Unit 2 Technology and incentives

2.12 How good is the model? Economists, historians, and the Industrial Revolution

Why did the Industrial Revolution begin where and when it did: in the eighteenth century, on an island off the coast of Europe?

In this unit, we have presented one explanation. In the emerging capitalist economy in Britain, relatively high wages and cheap coal were incentives to develop and implement new technologies that raised labour productivity, and Britain’s dominant position in the world economy provided both low-cost raw material inputs and markets for the increased output.1

Our model explains one part of the story. But it has left out scientific, cultural, and sociological causes that scholars think were also important.

If you’re interested to know what these scholars think of each other’s work, you can read Gregory Clark’s review of Joel Mokyr’s essay or Robert Allen’s review of Gregory Clark’s book.

  • The scientific revolution and the diffusion of technical knowledge. Joel Mokyr has stressed Europe’s scientific revolution, and the transformation of elite scientific knowledge into practical advice and tools for engineers and skilled artisans who used it to build the machines of that time.2
  • The rule of law and other political institutions. David Landes emphasizes the political and cultural characteristics of nations as a whole, such as political stability and the rule of law. He suggests European countries pulled ahead of China because the Chinese government was too powerful and stifled innovation, and because Chinese culture at the time favoured stability over change.3
  • New individual values. For Gregory Clark, personal values—such as the importance of hard work and savings as a sign of good character—were the key to success under the new institutions. These values spread and promoted increases in labour productivity, during what Clark calls ‘The industrious revolution’.4

Other countries followed different trajectories, so it is unlikely that a single model could explain all of the hockey sticks. For example, Germany could not compete with Britain in textiles, but the government and large banks played a major role in building steel and other heavy industries. Japan outcompeted Britain in some Asian textile markets, benefiting from the isolation it enjoyed from its sheer distance from earlier starters (which in those days meant weeks of travel). Japan selectively copied both technology and institutions, introducing the capitalist economic system while retaining traditional Japanese institutions, including rule by an emperor, which lasted until the Japanese defeat in the Second World War.

As we discussed in Unit 1, the Industrial Revolution did not lead to economic growth everywhere. Because it spread slowly across the world, it also implied a huge increase in income inequality between countries. Looking at economic growth around the world in the nineteenth and twentieth centuries, David Landes once asked: ‘Why are we so rich and they so poor?’5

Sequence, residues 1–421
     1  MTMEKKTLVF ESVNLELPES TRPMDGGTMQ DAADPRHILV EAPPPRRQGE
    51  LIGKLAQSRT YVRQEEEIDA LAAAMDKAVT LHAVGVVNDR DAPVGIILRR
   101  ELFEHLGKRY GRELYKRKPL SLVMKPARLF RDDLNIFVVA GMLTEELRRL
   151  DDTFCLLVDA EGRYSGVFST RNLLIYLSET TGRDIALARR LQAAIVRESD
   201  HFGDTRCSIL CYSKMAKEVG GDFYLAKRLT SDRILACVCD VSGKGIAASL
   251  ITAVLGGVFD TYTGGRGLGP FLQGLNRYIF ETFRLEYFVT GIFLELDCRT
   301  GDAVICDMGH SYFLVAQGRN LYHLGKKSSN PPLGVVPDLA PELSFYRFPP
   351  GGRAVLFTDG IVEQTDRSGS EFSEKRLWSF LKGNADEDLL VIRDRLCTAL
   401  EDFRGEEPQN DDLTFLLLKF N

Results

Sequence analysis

By ‘we’, he meant the rich societies of Europe and North America. By ‘they’ he meant the poorer societies of Africa, Asia, and Latin America. Landes suggested, a little mischievously, that there were two answers to this question:

One says that we are so rich and they so poor because we are so good and they so bad; that is, we are hardworking, knowledgeable, educated, well governed, efficacious, and productive, and they are the reverse. The other says that we are so rich and they so poor because we are so bad and they so good: we are greedy, ruthless, exploitative, aggressive, while they are weak, innocent, virtuous, abused, and vulnerable.

If you think that the Industrial Revolution happened in Europe because of the Protestant Reformation, or the Renaissance, or the scientific revolution, or the development of superior private property rights, or favourable government policies, then you are in the first camp. If you think that it happened because of colonialism or slavery then you are in the second. But Landes’ question is really a false dichotomy. We know that scientific and practical creativity and the rule of law were essential to the process, as was the cotton and sugar produced by enslaved peoples and the markets in the British colonies.

  1. Robert C. Allen. 2011. Global Economic History: A Very Short Introduction. New York, NY: Oxford University Press. 

  2. Joel Mokyr. 2004. The Gifts of Athena: Historical Origins of the Knowledge Economy (Fifth Edition). Princeton, NJ: Princeton University Press. 

  3. David S. Landes. 2006. ‘Why Europe and the West? Why not China?’ Journal of Economic Perspectives 20 (2) (June): pp. 3–22. 

  4. Gregory Clark. 2007. A Farewell to Alms: A Brief Economic History of the World. Princeton, NJ: Princeton University Press. 

  5. David S. Landes. 1990. ‘Why are We So Rich and They So Poor?’. The American Economic Review 80 (May): pp. 1–13.